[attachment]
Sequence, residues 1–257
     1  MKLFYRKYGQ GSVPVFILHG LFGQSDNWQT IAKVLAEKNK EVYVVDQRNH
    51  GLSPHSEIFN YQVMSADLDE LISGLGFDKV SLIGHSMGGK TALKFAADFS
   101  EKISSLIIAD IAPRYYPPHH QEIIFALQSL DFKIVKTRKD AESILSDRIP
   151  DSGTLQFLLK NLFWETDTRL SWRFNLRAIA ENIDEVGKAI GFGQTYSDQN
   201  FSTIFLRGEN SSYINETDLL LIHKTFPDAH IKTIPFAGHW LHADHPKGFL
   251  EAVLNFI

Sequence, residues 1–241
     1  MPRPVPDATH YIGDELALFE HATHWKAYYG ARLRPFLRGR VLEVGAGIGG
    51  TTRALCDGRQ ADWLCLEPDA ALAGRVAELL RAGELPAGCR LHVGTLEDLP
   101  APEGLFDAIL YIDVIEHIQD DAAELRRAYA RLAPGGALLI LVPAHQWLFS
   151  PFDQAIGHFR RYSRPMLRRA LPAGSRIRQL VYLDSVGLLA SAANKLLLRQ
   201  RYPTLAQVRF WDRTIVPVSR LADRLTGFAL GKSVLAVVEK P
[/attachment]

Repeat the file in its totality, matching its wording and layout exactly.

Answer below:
Sequence, residues 1–257
     1  MKLFYRKYGQ GSVPVFILHG LFGQSDNWQT IAKVLAEKNK EVYVVDQRNH
    51  GLSPHSEIFN YQVMSADLDE LISGLGFDKV SLIGHSMGGK TALKFAADFS
   101  EKISSLIIAD IAPRYYPPHH QEIIFALQSL DFKIVKTRKD AESILSDRIP
   151  DSGTLQFLLK NLFWETDTRL SWRFNLRAIA ENIDEVGKAI GFGQTYSDQN
   201  FSTIFLRGEN SSYINETDLL LIHKTFPDAH IKTIPFAGHW LHADHPKGFL
   251  EAVLNFI

Sequence, residues 1–241
     1  MPRPVPDATH YIGDELALFE HATHWKAYYG ARLRPFLRGR VLEVGAGIGG
    51  TTRALCDGRQ ADWLCLEPDA ALAGRVAELL RAGELPAGCR LHVGTLEDLP
   101  APEGLFDAIL YIDVIEHIQD DAAELRRAYA RLAPGGALLI LVPAHQWLFS
   151  PFDQAIGHFR RYSRPMLRRA LPAGSRIRQL VYLDSVGLLA SAANKLLLRQ
   201  RYPTLAQVRF WDRTIVPVSR LADRLTGFAL GKSVLAVVEK P